Like my motto says, I watched far too much damned TV, as a child. The kind of television that was horrible but fun and cheesy, with some truly awful special effects. They had seriously flaky plots that weren’t worth remembering, and you couldn’t pay me to watch most of them now, accept as a joke.
But hey, I loved them when I was a kid, and there’s still a little part of me that was excited to recall these shows, while doing this post. Some of you are going to be excited to see some of these childhood friends, too. Those of you who are too young to remember these shows, please forgive us the sin of having watched them. Sometimes, this was all the SciFi we could get.
As you go through the list you will perhaps begin to notice a trend. Even as a very young girl, I had a high appreciation for luxurious hair, and eye candy. Apparently, I still do, given my immediate attraction to Sam Winchester. The 70s and 80s was a time of truly gorgeous men’s bouffants.
So, lets go back! Waaay back! To those Saturday afternoons, when your Mama hadn’t kicked you out of the house, yet. To those Friday evenings, when you were to young to date, so had an excuse for watching this stuff. To your mama, hollering at you to turn that junk off and go to bed…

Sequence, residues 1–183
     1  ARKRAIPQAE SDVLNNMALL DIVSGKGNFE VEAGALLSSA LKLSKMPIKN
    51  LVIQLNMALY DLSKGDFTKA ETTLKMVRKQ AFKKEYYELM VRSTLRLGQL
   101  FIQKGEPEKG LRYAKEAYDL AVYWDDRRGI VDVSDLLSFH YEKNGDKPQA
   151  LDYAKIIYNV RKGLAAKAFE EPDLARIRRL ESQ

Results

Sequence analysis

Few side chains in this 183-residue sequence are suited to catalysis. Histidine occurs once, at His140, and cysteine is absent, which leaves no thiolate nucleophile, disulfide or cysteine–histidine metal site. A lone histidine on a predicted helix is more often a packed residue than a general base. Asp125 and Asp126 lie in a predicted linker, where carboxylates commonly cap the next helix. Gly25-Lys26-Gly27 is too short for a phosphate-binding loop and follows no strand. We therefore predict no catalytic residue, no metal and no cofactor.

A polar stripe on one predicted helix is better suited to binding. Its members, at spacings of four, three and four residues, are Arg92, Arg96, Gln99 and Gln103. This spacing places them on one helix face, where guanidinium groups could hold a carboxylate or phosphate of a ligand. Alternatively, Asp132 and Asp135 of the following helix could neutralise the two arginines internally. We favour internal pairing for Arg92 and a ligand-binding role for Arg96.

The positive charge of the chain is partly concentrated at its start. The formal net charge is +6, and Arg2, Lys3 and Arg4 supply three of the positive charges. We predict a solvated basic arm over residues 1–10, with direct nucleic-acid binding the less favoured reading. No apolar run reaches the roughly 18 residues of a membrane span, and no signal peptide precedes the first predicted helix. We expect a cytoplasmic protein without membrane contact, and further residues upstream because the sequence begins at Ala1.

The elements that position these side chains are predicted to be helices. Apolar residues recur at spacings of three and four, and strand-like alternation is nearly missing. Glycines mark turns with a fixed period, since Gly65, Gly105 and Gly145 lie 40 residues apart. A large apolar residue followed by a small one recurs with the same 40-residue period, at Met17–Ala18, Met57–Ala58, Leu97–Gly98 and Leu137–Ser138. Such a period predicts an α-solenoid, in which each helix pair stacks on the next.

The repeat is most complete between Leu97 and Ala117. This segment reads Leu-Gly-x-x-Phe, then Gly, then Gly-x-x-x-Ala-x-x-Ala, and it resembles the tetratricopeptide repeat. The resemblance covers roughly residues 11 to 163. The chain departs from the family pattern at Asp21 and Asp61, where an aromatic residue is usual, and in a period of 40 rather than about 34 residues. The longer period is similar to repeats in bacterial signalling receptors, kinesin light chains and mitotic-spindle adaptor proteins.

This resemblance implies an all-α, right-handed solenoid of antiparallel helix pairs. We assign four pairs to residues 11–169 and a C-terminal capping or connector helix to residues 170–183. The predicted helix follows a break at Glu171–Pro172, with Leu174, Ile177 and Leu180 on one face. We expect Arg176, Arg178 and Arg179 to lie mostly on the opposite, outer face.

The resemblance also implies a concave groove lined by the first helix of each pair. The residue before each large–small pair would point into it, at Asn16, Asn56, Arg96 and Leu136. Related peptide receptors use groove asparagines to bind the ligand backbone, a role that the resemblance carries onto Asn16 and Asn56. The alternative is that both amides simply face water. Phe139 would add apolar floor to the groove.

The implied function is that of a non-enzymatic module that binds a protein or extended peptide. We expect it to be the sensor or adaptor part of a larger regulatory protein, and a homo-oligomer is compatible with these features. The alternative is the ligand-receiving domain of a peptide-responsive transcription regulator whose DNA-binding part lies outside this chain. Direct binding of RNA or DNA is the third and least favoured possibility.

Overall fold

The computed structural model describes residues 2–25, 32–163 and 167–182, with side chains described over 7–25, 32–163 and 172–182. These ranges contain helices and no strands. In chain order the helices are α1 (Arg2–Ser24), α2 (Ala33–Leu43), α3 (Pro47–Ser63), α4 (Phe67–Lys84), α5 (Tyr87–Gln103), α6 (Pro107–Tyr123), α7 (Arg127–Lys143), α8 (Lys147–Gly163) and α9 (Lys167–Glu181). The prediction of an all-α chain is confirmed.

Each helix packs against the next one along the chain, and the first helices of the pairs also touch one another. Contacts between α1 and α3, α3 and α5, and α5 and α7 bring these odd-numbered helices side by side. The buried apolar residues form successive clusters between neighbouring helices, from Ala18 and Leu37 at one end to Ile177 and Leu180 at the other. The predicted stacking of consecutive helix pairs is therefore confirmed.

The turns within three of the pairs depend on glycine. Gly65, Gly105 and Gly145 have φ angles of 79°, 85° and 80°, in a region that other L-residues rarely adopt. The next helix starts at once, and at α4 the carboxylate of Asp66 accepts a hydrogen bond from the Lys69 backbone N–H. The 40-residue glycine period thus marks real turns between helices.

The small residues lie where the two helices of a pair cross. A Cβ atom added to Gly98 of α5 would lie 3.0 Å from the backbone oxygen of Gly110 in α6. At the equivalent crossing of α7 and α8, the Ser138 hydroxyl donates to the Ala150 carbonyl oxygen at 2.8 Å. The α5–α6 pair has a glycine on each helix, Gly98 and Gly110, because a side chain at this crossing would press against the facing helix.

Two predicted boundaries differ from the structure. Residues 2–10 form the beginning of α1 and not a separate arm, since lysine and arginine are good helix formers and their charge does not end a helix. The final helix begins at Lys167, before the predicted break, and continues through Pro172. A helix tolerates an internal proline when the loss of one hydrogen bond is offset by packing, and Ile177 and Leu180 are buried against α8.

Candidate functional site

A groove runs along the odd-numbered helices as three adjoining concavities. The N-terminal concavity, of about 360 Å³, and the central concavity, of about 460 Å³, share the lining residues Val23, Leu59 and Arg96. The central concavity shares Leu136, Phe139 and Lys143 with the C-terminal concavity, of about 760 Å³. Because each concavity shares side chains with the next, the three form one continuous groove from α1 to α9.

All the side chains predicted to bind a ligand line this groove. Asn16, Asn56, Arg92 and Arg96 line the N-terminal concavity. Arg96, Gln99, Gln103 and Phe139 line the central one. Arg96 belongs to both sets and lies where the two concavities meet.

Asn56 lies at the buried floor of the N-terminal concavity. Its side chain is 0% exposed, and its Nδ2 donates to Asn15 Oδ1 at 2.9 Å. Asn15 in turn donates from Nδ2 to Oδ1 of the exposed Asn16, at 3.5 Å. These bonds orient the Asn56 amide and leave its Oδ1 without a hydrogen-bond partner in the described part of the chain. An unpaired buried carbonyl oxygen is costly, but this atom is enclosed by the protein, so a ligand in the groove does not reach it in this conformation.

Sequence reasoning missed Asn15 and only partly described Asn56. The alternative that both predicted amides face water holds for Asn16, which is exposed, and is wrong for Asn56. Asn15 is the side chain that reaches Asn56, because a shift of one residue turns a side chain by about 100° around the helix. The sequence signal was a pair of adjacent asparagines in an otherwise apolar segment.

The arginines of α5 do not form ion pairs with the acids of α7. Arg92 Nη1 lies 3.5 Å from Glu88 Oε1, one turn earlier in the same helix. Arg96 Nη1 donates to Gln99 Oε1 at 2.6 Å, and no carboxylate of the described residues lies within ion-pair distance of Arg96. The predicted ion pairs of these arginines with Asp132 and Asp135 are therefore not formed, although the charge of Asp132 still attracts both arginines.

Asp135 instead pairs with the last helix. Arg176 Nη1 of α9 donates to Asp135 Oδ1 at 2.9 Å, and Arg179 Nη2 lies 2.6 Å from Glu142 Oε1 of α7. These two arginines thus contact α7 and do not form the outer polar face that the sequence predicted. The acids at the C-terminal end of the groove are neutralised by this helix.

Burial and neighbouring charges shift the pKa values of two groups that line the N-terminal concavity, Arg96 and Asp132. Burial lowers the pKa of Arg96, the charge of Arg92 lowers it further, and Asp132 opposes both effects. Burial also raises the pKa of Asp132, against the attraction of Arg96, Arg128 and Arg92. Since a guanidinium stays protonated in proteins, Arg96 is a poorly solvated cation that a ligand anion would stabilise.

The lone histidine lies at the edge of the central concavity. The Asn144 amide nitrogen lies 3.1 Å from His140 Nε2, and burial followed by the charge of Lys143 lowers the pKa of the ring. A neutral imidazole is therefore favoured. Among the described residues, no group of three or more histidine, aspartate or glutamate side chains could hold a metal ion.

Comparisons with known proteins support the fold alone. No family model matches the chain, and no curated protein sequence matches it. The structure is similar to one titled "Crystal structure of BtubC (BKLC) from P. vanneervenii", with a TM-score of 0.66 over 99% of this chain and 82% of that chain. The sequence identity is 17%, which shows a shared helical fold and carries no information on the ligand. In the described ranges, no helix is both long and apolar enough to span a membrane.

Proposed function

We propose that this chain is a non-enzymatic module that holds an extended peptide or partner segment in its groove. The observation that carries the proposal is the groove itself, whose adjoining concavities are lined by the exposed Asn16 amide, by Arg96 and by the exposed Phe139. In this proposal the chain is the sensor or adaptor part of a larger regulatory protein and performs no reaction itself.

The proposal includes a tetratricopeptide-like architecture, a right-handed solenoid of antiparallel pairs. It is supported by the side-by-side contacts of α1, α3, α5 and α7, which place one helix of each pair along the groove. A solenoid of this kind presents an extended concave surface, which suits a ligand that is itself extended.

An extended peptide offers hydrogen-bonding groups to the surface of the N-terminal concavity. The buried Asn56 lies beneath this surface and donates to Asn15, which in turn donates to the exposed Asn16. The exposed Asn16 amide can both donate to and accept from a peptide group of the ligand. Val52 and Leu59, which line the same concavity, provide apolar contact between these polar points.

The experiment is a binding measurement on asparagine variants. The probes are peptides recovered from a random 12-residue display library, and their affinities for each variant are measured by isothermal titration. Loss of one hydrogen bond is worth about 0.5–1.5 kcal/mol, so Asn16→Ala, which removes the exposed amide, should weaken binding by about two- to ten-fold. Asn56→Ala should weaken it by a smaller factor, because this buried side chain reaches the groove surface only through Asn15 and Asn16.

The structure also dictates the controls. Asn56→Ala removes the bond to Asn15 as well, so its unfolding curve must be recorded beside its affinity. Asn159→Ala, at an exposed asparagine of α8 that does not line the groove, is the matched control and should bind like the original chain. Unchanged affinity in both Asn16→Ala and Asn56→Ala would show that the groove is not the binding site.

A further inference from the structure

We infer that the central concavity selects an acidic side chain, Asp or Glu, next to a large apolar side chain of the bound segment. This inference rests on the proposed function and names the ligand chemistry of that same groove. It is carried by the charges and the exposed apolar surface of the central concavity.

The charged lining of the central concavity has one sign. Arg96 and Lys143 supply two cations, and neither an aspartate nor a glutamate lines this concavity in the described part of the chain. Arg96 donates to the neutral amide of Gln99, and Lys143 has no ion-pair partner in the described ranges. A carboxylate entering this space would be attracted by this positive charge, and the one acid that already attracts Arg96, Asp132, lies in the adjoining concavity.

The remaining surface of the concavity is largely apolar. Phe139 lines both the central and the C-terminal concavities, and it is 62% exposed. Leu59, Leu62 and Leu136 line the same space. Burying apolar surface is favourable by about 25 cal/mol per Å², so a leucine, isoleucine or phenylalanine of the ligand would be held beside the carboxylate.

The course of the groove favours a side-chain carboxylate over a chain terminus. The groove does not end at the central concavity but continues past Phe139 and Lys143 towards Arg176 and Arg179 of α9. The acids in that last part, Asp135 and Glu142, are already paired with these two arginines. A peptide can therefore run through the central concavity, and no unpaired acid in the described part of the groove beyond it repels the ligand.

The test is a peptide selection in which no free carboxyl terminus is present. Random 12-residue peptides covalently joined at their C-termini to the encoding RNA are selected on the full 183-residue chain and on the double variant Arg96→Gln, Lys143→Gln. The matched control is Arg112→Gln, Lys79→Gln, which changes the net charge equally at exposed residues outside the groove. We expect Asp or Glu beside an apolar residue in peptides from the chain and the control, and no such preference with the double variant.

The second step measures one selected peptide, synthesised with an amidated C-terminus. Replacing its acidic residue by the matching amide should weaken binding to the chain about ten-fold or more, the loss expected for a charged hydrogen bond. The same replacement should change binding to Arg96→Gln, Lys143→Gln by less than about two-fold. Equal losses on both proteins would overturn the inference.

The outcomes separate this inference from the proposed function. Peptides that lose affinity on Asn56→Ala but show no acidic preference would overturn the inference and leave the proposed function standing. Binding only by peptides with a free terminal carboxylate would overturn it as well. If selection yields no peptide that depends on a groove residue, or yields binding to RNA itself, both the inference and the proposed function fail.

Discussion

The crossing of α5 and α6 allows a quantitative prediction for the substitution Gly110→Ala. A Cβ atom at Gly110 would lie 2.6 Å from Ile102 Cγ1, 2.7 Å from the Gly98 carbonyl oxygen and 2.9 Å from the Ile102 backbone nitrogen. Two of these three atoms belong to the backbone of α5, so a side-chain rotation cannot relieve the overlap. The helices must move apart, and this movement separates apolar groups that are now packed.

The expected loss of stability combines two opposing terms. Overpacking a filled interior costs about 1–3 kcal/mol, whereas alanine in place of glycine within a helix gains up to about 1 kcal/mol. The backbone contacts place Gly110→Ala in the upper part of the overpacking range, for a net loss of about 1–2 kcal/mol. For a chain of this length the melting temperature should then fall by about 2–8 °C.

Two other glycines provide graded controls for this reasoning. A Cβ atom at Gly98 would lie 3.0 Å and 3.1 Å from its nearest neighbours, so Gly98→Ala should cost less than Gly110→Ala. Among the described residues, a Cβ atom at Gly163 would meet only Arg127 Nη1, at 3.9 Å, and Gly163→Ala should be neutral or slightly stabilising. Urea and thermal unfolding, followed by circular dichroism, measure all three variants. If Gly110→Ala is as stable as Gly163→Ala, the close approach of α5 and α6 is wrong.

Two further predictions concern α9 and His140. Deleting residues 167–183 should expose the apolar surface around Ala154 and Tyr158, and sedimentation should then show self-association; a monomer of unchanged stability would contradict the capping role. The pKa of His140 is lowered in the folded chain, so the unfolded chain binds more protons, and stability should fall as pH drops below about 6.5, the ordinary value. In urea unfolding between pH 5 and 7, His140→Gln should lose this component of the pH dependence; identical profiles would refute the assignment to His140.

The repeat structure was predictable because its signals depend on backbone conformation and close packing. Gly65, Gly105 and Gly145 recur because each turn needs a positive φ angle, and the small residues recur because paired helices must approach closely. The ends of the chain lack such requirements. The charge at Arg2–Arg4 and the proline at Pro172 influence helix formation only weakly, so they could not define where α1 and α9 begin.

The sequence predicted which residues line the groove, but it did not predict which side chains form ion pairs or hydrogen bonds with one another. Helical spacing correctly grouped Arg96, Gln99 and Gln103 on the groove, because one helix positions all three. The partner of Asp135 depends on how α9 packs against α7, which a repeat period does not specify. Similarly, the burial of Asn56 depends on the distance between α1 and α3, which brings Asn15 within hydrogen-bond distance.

I remember watching this on Saturday evenings, with my Mom in the background doing Mom-stuff. I was fascinated by Lucan’s eyes, and his luxuriant hair. It was about a young boy, who had been found in the wilderness by wolves and raised there. He was rescued by some type of researcher, I think. Since he acted very wolf like, at seven years old, I thought he was something like a werewolf. I do have a distinct memory of my Mother talking to me about feral children, and how this show was loosely based on a true story. I didn’t really believe her until I researched it myself, and found that the truth was much more tragic than anything that ever happened on the show. Feral children don’t often learn to speak or look nearly as handsome. They generally don’t live long either.